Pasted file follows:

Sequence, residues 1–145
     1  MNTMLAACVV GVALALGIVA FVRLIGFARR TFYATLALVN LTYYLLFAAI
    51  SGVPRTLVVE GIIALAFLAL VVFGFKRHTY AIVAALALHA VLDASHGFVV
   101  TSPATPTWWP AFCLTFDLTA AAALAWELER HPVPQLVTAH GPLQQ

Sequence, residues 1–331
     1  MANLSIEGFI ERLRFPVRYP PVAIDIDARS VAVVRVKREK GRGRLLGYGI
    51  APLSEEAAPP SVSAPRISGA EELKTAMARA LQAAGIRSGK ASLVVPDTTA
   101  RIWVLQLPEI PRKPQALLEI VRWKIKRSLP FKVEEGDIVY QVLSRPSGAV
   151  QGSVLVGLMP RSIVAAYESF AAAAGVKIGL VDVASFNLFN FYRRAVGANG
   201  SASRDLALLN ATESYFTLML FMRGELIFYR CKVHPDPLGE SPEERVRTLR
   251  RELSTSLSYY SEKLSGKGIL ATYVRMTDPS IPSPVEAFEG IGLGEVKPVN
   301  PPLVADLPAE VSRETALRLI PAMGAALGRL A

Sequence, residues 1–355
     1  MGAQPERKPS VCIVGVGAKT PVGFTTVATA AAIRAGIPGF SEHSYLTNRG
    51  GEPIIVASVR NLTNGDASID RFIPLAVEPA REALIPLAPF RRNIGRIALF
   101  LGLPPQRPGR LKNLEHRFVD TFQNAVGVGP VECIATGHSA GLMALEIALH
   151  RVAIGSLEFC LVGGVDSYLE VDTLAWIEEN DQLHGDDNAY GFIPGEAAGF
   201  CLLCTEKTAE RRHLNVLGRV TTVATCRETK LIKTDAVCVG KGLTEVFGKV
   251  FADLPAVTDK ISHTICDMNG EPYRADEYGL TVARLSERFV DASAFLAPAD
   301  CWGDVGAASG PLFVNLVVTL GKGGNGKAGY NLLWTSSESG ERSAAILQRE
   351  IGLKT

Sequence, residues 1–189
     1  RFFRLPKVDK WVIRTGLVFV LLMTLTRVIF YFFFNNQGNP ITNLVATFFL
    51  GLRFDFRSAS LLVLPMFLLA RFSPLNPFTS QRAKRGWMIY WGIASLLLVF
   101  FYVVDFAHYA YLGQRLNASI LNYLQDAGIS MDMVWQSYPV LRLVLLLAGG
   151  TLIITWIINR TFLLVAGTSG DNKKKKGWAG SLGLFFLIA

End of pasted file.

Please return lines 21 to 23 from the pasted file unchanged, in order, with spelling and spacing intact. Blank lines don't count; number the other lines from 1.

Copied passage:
   351  IGLKT

Sequence, residues 1–189
     1  RFFRLPKVDK WVIRTGLVFV LLMTLTRVIF YFFFNNQGNP ITNLVATFFL